Superman #8 is the opening chapter of a new arc entitled “Escape From Dinosaur Island”, which sees Superman and his son Jon, aka the new Superboy, inexplicably transported to a mysterious island where danger lurks in the form of….well….dinosaurs, obviously. Like the “Night of the Monster Men” arc currently running in the Batman titles, this issue has the feel of a modern reimagining of Silver Age adventures that unfurled on just the right side of ridiculous to wind up being rousing adventure. Writers Peter J. Tomasi and Patrick Gleason capture the light-hearted and overtly fantastic tone of those kinds of stories while merging them with modern sensibilities enough so that the overall feeling of the book is one of fun without being silly.
Jon and Superman, along with Krypto, find themselves trapped on the mysterious island with no way to get home, and hunted by prehistoric beasts eager to make them their next meal. The issue not only features tons of high-flying adventure for our three heroes, but also serves as a memorial for one of the great comic creators who we tragically lost not so long ago, the great Darwyn Cooke. Dinosaur Island featured heavily in the opening instalments of his seminal work “New Frontier” and this issue is direct call-back to that issue, which is great. DC’s recent return, following Rebirth, to a spirit less of grim and brooding “realism” to more one of adventure, would definitely be in keeping with how Cooke most often preferred to think of the DCU. But though Cooke’s super-hero work may have been in many ways nostalgic or classic in tone and style, he never delivered a simplified or old-fashioned story. His spirit may have embraced the Silver Age, but his content and concerns were always modern.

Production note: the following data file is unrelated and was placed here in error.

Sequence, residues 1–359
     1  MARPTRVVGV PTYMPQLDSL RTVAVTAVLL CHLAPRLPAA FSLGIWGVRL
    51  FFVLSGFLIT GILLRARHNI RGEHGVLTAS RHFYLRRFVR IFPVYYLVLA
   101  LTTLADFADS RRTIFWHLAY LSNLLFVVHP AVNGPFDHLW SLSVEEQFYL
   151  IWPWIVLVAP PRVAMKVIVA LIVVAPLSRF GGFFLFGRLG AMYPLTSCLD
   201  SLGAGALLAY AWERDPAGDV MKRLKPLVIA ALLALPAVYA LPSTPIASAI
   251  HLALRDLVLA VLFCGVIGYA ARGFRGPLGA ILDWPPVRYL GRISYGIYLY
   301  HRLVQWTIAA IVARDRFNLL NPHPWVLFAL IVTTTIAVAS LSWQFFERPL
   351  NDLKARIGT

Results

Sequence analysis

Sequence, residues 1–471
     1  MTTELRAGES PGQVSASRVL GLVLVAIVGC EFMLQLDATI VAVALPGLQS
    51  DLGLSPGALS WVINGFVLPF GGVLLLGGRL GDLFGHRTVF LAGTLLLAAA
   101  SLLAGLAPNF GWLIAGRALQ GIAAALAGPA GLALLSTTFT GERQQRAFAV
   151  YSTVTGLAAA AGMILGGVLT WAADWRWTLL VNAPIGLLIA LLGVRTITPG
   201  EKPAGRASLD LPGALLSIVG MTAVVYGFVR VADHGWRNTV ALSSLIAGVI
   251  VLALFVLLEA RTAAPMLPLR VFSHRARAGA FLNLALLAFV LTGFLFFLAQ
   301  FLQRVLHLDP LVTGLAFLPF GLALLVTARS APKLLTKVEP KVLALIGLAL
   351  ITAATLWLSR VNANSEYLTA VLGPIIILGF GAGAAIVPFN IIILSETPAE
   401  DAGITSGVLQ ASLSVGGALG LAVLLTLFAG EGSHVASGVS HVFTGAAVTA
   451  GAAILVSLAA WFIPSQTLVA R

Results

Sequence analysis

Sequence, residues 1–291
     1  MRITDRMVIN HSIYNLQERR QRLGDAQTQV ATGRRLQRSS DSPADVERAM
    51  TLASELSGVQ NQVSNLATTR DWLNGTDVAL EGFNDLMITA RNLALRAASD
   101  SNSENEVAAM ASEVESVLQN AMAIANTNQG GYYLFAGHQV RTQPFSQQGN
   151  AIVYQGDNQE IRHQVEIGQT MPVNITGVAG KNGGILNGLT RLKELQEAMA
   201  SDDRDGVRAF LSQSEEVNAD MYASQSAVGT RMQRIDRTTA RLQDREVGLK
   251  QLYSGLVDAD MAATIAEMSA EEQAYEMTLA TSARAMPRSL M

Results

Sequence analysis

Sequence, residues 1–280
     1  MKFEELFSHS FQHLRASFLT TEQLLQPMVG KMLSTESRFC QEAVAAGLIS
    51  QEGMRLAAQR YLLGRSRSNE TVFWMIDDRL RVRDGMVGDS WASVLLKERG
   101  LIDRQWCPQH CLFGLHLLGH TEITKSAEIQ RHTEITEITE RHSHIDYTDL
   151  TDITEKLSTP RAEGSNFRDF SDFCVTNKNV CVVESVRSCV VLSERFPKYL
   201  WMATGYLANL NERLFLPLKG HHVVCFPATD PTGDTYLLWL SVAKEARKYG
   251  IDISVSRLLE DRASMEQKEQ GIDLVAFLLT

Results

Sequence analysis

Doug Mahnke is an artist I really like, particularly on Superman. He knows when to draw the Man of Steel with power and impact, and how to just keep his posture simple and human. His Superman doesn’t do a lot of posing. But Mahnke knows how to bring the goods when Superman needs to lay the smack down on a dinosaur. And he draws an unexpectedly hilarious Krypto panel that is perfect.
This issue doesn’t feel like a throwback. What it feels like is similar to what most of the Superman line is capturing right now; a familiar, warm and engaging tone that allows us to embrace Superman and his family easily without turning them into simple nostalgic cardboard cut-outs of a “simpler time.” This issue isn’t complicated; it’s focused mainly with setting up the central mystery or where Superman and Jon are trapped, along with paying tribute to Cooke. But the simple pleasure of just diving into a fun Superman book where he fights dinosaurs and tries to solve an outlandish mystery is harder to achieve than you might think. And the creative team nails it. 8.5/10